Enrollment in High-Risk Health Insurance Pools Still Below Expectations

TOPIC ALERT:

Enrollment in the high-risk health insurance pools created under the health reform law has not reached expectations, with just 8,011 U.S. residents enrolled nationwide after two or three months of operation in most states, according to HHS, the New York Times reports.

Background on High-Risk Pools

The reform law established the pools, called the Pre-Existing Condition Insurance Plan, to provide coverage to individuals with pre-existing conditions prior to 2014, when private insurers are required to accept all applicants.

To qualify for PCIP, individuals must have been uninsured for at least six months and been denied insurance coverage because of a pre-existing condition (Sack, New York Times, 11/4).

In April, federal officials estimated that about 375,000 U.S. residents would gain coverage through the high-risk pools. Some experts questioned whether the $5 billion allocated to the program would be sufficient to cover those residents (California Healthline, 10/4).

In addition, a recent study by the Commonwealth Fund revealed that an estimated six million of the country's 50.7 million uninsured residents might be eligible for the new pools.

Enrollment Low

However, enrollment in most states as of Nov. 1 was below 10% of capacity. For example, 21 states have enrolled fewer than 50 residents and New York and Florida each have enrolled fewer than 300.

Administrators of the pools attribute low enrollment to several reasons:

  • Lack of awareness among a hard-to-reach target population;
  • A requirement that applicants be uninsured for at least six months; and
  • The high cost of premiums, despite being set at market rates.

HHS Response

Richard Popper, director of insurance programs at HHS, refused to say whether he was disappointed with enrollment rates. He said, "It takes a while for advocates and stakeholders to realize there's this new plan," adding, "We're delighted the program is out there and making a difference in people's lives and keeping people alive."

Meanwhile, HHS on Jan. 1 will begin to give consumers choices of different plans with different costs and deductibles, in hopes it will draw more interest (New York Times, 11/4).

Susan Beetham
Hatti true enough - but Risk Pools only going to be providing coverage to very sick people that can't get coverage otherwise. Traditional insurance has healthy people to make up the difference, however, as the cost increases the healthy and young are less inclined to pay their share so they also aren't offsetting the costs for the sick folks.
Melinda Taylor
WOW!!! First off R. Popper states he's "delighted the program is out there and MAKING A DIFFERENCE IN PEOPLE'S LIVES????" He is obviously sitting behind a big desk, shining with a pen in his hand making such ridiculous statements while he is insured for a very reasonable premium. But LOW ENROLLMENT is a NO BRAINER... these politicians need to stop thinking we are all idiots and state the TRUTH!! The HIGH RISK PREMIUMS ARE WAY ABOVE MARKET RATES AND NOT AFFORDABLE the exact words from Pres. Obama,... whom stated "QUALITY HEALTH CARE WITH AFFORDABLE RATES!"... Quite the opposite for those of us with Pre Existing conditions and even someone like my self that is healthy with the exception of sleeping on a C PAP for sleep apnea which could be cured by a surgery but we lost our insurance before it could be completed. So, I fall into this trap like the rest of us that don't waste our time filling out the App. that we CANNOT AFFORD. Thanks to the Greed in this COUNTRY or should I say State!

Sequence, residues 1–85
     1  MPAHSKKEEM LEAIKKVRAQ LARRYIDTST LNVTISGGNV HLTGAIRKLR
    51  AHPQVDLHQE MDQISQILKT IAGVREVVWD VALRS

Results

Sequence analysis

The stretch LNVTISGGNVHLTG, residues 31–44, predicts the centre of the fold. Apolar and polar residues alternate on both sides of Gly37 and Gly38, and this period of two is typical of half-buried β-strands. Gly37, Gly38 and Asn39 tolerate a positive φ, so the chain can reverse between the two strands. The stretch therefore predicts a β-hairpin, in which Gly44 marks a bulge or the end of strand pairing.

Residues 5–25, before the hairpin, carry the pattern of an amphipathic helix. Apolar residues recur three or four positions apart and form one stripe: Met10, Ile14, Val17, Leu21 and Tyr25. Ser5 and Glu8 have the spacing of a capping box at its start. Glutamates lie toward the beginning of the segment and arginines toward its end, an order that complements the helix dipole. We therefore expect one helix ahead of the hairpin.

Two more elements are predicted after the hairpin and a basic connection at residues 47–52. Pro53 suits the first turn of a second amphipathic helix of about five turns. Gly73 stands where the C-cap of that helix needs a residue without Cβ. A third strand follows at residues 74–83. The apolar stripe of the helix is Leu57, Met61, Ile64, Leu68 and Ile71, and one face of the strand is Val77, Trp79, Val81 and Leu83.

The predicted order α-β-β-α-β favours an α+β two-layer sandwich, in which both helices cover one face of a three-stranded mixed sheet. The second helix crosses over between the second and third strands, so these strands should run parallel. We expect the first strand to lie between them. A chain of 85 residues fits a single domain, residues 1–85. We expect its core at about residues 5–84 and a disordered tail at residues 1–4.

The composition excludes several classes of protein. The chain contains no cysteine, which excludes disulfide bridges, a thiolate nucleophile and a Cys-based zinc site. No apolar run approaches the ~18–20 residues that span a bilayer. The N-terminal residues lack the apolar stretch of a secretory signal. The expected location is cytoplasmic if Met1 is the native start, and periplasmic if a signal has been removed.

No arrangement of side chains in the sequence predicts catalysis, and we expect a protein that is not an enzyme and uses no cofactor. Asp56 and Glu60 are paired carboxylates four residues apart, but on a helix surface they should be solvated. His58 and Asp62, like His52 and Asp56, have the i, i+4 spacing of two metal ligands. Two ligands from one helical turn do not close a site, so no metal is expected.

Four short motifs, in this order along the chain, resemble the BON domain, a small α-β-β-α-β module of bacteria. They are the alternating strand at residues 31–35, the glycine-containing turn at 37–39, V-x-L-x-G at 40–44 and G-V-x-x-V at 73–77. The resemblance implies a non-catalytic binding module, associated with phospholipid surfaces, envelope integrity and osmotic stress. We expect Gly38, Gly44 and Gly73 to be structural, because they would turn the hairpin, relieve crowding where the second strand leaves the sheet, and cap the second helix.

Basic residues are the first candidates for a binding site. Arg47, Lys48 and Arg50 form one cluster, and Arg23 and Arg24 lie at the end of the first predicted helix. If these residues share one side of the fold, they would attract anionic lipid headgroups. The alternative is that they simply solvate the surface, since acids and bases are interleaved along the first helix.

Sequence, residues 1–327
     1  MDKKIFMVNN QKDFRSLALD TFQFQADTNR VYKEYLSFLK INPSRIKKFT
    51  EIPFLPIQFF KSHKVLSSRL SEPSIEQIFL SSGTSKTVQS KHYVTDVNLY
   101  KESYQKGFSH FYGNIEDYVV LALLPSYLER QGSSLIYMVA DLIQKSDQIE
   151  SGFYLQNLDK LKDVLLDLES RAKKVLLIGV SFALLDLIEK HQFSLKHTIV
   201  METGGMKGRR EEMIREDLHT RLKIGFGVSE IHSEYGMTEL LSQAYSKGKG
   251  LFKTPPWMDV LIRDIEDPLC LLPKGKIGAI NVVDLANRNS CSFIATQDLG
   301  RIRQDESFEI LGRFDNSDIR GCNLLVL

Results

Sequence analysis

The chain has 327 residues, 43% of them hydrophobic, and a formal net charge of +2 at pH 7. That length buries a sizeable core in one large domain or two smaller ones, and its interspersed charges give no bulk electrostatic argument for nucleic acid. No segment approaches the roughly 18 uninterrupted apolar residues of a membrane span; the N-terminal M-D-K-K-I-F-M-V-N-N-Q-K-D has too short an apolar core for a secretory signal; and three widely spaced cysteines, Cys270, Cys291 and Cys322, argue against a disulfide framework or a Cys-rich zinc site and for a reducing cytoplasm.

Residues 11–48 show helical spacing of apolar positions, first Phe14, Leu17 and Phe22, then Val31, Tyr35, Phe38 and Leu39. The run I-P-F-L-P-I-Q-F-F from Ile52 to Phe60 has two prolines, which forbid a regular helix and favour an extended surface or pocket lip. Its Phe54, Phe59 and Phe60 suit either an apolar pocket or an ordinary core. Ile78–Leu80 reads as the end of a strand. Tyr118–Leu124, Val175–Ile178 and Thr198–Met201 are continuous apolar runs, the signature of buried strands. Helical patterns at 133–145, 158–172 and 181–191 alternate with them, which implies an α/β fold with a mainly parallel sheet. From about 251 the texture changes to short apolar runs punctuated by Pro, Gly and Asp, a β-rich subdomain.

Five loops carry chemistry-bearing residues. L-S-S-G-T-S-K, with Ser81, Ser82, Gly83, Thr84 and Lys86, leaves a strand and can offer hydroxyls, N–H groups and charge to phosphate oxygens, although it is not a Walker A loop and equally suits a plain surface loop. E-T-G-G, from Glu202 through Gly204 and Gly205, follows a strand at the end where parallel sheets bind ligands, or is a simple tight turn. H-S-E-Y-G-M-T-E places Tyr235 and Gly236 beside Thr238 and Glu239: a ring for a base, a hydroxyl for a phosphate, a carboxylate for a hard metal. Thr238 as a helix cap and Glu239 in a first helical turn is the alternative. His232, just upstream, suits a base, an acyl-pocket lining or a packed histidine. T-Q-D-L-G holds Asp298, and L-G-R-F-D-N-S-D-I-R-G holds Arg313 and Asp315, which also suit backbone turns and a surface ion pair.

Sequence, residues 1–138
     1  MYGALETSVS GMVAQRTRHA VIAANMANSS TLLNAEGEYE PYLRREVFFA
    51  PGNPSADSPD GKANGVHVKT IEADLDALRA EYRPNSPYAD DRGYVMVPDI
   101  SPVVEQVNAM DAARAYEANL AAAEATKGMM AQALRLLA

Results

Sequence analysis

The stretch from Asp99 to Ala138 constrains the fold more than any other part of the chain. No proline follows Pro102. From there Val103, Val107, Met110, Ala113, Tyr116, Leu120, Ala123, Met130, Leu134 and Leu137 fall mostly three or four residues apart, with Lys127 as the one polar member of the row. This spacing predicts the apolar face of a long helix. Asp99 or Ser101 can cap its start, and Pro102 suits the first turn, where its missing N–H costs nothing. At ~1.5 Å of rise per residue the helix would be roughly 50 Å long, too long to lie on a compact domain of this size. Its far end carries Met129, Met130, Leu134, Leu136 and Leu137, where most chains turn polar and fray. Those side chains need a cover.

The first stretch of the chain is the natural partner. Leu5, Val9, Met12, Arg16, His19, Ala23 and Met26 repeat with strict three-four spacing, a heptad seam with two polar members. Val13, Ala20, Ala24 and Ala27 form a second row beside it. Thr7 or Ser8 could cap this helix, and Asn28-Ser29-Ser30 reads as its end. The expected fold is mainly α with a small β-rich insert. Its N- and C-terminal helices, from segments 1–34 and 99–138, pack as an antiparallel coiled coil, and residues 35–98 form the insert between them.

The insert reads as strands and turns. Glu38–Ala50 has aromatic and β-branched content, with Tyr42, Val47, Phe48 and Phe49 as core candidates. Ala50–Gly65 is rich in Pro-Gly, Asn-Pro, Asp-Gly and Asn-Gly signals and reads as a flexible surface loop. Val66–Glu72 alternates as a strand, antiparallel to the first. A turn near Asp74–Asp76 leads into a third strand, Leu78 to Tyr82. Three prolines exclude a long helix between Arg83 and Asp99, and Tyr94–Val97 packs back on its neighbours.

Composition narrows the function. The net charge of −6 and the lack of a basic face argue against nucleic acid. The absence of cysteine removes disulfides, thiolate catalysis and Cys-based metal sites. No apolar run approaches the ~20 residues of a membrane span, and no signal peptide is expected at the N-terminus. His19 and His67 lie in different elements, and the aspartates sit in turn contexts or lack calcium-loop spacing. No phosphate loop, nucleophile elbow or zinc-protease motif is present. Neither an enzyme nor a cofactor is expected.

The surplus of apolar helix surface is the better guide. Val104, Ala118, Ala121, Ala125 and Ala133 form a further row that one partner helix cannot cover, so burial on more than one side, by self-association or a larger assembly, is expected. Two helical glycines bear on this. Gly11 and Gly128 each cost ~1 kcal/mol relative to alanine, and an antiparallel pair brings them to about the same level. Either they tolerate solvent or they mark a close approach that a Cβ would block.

Lucy Snyder
I never had any type of catastrophic event, just the usual small things, like thyroiditis and a little bit of hypertension. Being btwn 55-65 puts me in a high risk category. Been turned down numerous times for pre-existing. One company accepted me, premium of $800 a month with a $3500 deductible. Cannot afford it. If it was $400/mo I'd sign up. I don't need it to be free, but $800 a month? The program is just not working for regular people. I don't know who it helps?
Hatti Hamlin
This points to the lurking elephant in the room--high insurance rates simply reflect high costs to provide health care. The fact that the state itself cannot offer what are considered affordable rates to people with preexisting conditions shows that insurance companies should not be blamed entirely for high premiums. If we want universal coverage, we have to be prepared for everyone--healthy and sick alike--to pay more for it, both in premiums and in taxpayer subsidies. The Tooth Fairy is dead!

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